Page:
by Matthew Sitman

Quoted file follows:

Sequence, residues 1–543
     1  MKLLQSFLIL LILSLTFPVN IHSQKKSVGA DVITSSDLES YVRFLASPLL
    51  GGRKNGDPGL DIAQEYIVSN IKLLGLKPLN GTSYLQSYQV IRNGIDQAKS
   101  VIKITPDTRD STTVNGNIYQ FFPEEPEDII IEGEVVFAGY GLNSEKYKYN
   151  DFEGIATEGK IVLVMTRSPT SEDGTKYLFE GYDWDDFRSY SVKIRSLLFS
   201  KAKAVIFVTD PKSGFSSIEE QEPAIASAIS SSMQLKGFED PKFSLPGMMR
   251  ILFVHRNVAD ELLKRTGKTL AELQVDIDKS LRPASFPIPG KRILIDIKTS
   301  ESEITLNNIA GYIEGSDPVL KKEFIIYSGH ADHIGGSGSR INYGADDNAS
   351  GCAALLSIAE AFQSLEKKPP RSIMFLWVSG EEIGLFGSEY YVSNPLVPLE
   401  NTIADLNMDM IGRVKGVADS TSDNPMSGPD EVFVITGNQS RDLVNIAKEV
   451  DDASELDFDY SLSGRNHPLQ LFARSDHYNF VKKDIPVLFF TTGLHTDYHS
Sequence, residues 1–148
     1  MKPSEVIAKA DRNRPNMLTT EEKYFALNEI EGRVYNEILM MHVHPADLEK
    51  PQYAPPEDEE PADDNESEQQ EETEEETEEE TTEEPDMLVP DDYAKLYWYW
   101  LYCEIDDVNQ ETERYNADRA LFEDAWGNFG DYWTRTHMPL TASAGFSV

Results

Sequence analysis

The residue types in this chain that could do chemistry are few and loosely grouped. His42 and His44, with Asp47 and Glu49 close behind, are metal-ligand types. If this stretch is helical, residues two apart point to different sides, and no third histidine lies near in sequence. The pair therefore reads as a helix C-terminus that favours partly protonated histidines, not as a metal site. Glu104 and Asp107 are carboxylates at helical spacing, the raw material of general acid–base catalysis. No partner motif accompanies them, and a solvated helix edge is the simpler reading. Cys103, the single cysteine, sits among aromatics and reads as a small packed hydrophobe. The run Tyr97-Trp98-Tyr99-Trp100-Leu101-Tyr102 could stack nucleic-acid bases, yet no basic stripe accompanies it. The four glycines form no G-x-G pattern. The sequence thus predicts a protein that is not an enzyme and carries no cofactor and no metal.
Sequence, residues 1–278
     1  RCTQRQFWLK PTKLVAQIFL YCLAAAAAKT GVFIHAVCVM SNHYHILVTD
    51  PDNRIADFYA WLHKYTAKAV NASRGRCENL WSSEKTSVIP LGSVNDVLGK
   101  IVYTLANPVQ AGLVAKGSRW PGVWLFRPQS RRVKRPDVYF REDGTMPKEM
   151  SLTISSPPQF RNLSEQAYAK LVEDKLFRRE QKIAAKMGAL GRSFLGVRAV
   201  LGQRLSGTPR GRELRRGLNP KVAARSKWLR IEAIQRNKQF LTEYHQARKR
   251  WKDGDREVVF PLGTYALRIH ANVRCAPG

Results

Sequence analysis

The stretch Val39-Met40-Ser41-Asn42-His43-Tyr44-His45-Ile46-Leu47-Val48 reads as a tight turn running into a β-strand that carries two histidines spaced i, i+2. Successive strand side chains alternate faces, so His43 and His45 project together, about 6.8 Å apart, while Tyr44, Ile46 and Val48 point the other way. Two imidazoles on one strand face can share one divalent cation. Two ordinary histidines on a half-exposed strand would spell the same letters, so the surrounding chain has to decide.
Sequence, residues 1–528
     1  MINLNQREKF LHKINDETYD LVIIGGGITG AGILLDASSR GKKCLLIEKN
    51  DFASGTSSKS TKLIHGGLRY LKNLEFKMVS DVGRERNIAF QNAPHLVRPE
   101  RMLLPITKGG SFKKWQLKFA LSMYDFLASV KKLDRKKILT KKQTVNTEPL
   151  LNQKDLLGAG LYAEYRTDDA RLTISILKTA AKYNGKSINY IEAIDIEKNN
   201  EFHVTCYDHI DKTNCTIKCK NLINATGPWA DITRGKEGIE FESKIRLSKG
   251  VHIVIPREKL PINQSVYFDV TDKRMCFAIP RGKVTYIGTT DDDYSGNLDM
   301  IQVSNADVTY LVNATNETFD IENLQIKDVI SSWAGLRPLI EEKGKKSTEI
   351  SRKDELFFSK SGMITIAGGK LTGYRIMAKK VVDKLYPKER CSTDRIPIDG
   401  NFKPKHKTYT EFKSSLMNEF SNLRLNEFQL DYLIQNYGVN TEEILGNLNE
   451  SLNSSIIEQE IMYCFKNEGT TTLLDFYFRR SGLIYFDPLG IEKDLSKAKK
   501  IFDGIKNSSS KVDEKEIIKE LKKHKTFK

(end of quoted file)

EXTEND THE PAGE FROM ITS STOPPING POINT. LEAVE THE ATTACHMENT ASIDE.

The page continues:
It isn’t helpful to say, as some legal scholars do, that “politics” determines what the Court does. There is a sense in which that is true, but the category of “politics” is too crude. It includes too many things that are not alike, ranging from the grandiloquent constitutional discourse of the 1936 court-packing debate to a Chicago mayoral election. Even if, as I have suggested, Chief Justice Roberts’s decision was not plausibly driven by lawyerly parsing of the language in previous Commerce clause decisions, this does not mean that it was the same sort of decision as Mitt Romney’s decision to oppose the Affordable Care Act. Between “politics” in that sense and legal precedent there is this third category of convention. An official who breaches a convention will be thought to have violated the unwritten rules of the game, not merely to have made just another move within the game.